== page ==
It’s also worth noting that console generation lines might be starting to blur given the “generation 8.5” consoles; the recent PlayStation 4 Pro and the upcoming Xbox Scorpio. These seem like bad news for Nintendo, as in any other generation, they wouldn’t have had any new consoles to compete with.
Though perhaps these console upgrades are a blessing in disguise. Instead of having to compete with 4-year-old consoles which have received multiple price cuts, the Switch will be competing with brand new $400 machines which might make it cheap by comparison. With no new consoles on the horizon, there should be no reason for consumers to hesitate to buy the Switch.
Like with the Saturn, the Dreamcast’s marketing was pretty bad. Not entirely horrendous, but bad nonetheless. Sega ran a series of ads which instead of showing the games or console capabilities, focused around the phrase “It’s Thinking”.
These ads absolutely failed to re-establish Sega as a big console manufacturer. It certainly failed to also convince players to buy the Dreamcast instead of the next Nintendo or PlayStation. To see a successful attempt at this, one can look at the marketing for the Xbox. Released two years later in the US, the Xbox ad campaign focused on the games and the console. Doing this managed to take significant market share from Nintendo and Sony, and it sold triple the amount of the Dreamcast.
So far, Nintendo appears to be doing a good job with the Switch’s marketing. First of all, the Switch’s reveal trailer garnered a lot of attention.
It strayed away from the Wii branding and showed that the Switch was a brand new device. Finally, the trailer clearly displayed the Switch’s main function in different scenarios. This helped consumers understand and constantly reinforced in their heads what the system does. Nintendo’s marketing has thankfully fixed many mistakes that plagued the Wii U.
Nintendo also took some time on The Tonight Show with Jimmy Fallon to promote the Switch and The Legend of Zelda: Breath of the Wild.
This, in combination with the debut trailer focusing on young adults, showed that Nintendo understood that the casual audience they captured with the Wii is gone. Nintendo’s Switch marketing seems to be focusing on the gamers themselves, and this is an excellent sign.
No Third Parties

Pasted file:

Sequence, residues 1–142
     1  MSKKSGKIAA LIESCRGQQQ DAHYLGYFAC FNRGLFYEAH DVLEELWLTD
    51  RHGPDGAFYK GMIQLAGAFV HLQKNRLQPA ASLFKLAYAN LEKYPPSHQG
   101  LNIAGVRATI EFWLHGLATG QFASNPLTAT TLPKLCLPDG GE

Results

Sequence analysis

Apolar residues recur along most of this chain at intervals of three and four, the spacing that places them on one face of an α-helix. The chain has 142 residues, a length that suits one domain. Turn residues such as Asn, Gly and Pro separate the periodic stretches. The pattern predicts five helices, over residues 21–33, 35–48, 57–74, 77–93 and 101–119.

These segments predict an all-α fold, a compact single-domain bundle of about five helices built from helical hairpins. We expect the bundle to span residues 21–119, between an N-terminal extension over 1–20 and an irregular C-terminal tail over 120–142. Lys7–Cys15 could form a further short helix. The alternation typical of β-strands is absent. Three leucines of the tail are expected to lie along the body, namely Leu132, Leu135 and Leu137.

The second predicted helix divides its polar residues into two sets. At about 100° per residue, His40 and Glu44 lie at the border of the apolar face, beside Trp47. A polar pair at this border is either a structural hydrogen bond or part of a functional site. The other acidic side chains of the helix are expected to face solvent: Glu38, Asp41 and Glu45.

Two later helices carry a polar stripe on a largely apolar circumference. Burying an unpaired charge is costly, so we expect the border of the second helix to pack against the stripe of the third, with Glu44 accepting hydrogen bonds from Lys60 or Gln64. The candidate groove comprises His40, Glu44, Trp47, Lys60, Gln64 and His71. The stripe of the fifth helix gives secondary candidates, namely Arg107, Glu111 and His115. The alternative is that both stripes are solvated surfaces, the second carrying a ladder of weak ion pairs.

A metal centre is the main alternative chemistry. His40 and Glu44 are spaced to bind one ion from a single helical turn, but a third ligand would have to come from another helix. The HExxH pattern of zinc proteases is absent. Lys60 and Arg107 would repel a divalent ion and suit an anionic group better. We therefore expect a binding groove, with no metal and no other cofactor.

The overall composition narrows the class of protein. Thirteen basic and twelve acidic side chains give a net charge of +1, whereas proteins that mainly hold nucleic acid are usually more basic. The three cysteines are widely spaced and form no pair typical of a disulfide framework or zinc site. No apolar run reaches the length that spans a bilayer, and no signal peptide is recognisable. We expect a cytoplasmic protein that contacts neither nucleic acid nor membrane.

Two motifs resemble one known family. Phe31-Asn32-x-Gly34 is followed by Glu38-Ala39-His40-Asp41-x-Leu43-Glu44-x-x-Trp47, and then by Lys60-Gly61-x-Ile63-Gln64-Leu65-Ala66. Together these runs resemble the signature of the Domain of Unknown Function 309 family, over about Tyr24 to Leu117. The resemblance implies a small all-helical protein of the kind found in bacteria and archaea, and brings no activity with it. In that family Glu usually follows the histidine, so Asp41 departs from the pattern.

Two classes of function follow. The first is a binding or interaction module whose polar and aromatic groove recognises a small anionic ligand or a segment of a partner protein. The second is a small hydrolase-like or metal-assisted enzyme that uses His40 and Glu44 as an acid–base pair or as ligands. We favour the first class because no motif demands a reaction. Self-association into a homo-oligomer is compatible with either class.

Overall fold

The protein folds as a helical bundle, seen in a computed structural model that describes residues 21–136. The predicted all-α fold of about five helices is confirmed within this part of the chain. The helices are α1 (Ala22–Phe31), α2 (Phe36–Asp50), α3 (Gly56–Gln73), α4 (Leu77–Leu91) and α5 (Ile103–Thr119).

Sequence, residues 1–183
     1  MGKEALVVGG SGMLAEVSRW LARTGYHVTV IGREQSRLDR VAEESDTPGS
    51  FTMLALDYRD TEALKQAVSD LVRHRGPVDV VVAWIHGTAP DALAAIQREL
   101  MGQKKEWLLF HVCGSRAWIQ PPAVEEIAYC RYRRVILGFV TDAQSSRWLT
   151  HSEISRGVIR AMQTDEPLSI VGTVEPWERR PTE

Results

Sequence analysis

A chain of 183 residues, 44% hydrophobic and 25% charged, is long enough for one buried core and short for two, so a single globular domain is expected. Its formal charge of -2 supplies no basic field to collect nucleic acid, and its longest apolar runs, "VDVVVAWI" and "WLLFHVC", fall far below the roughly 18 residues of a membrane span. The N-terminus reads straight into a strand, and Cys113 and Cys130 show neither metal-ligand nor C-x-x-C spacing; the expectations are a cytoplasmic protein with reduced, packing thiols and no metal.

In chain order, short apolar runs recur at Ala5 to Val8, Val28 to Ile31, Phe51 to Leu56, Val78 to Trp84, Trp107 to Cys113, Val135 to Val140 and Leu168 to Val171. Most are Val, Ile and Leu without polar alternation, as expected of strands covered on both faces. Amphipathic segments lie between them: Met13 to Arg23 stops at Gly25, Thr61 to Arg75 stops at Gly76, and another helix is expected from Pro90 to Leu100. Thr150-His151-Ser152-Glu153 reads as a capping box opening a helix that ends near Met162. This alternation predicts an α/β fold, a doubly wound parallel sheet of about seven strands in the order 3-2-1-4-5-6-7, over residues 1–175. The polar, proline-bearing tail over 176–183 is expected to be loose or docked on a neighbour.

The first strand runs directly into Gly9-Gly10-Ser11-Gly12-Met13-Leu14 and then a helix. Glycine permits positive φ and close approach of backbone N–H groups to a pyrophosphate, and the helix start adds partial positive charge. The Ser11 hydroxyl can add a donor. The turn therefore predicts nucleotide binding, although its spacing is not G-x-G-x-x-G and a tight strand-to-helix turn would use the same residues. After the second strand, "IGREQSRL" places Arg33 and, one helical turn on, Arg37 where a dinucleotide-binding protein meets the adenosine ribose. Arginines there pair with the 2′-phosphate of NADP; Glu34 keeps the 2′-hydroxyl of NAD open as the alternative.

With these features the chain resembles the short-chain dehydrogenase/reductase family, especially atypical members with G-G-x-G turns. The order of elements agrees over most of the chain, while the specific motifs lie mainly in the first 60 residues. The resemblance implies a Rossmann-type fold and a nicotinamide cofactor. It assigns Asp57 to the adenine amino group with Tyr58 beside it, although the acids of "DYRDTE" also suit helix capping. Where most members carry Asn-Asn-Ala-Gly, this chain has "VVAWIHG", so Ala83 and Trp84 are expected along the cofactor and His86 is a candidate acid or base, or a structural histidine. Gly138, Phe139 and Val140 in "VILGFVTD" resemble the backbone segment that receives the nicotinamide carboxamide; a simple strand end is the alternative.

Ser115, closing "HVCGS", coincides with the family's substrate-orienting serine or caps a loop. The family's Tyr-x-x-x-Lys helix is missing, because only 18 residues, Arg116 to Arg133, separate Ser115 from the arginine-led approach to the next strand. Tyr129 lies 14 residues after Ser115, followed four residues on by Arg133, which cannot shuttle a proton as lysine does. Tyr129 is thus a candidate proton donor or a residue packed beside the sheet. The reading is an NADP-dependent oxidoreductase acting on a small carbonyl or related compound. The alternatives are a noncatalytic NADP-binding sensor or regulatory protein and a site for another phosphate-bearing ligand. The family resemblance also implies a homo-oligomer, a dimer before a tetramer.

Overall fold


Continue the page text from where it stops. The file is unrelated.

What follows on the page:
Just like both the Saturn and the Wii U, the Dreamcast had very little third party support. Due to disputes between Sega and EA over sports games, the Dreamcast missed out on established sports titles such as Madden.
Similar things happened with many other developers, and the Dreamcast didn’t get the third-party support it needed. This is something the Switch will want to want to fix from the Wii U, although it may not happen.
Third party titles are very important to have. As the Wii U proved, Nintendo’s first party titles are not enough to make a console succeed. So far, things look promising. Upon its unveiling, Nintendo released an image full of developers that have pledged to support the Switch. The list included notable studios like From Software, Bethesda, and Activision. However, the Wii U also received claims of support before its launch. The Wii U received ports of popular 3rd party games, but with lukewarm reactions.
This proved, though, that old games do not sell a new console. Mass Effect 3, Batman: Arkham City, and Call of Duty: Black Ops 2 were not enough to make people buy a Wii U because they could already play those games on other consoles. The Switch has already shown a few third party titles, such as Skyrim and NBA 2K17. Yet like before, these games are already playable on other consoles. People are going to want a console that can play all of the newest games, whether it’s the next Dark Souls, Call of Duty, or Assassin’s Creed. The Switch has to get third party releases as they come out. Old games are not going to cut it.
How is Nintendo going to get new third party games on the Switch? The Wii U failed because it wasn’t powerful enough. The minute developers had access to the PS4 and Xbox One, the Wii U was disregarded since there was no technical parity.
Despite the new “generation 8.5” consoles, nearly all developers are still making games for the standard Xbox One and PS4. So the Switch doesn’t need to be too tremendously powerful. However, if Nintendo wants to secure the third party support that they’re promising, the Switch needs to be on par with the Xbox One.
In 2017, coming out nearly four years later, this shouldn’t be hard to accomplish, not even at a reasonable price. Otherwise, third parties will leave the Switch behind, followed by consumers, and a continued loss of support. The terrible snowball effect the Saturn, Dreamcast and Wii U experienced will happen once again.
Profits (or Lack Thereof)
In order to better compete with the PlayStation, Sega cut the price of the Dreamcast multiple times, to the point where it was being sold at a loss. They then proceeded to lose money for five straight years. Unsurprisingly, after that, Sega was out of the console marketplace for good.
It is impossible for an outsider to objectively say anything about any potential Switch price point. We don’t know what Nintendo’s exact strategies, costs, or profits are, so we can’t for sure say that they shouldn’t sell their console at a certain price. However, it generally is a bad idea to sell your console at a loss.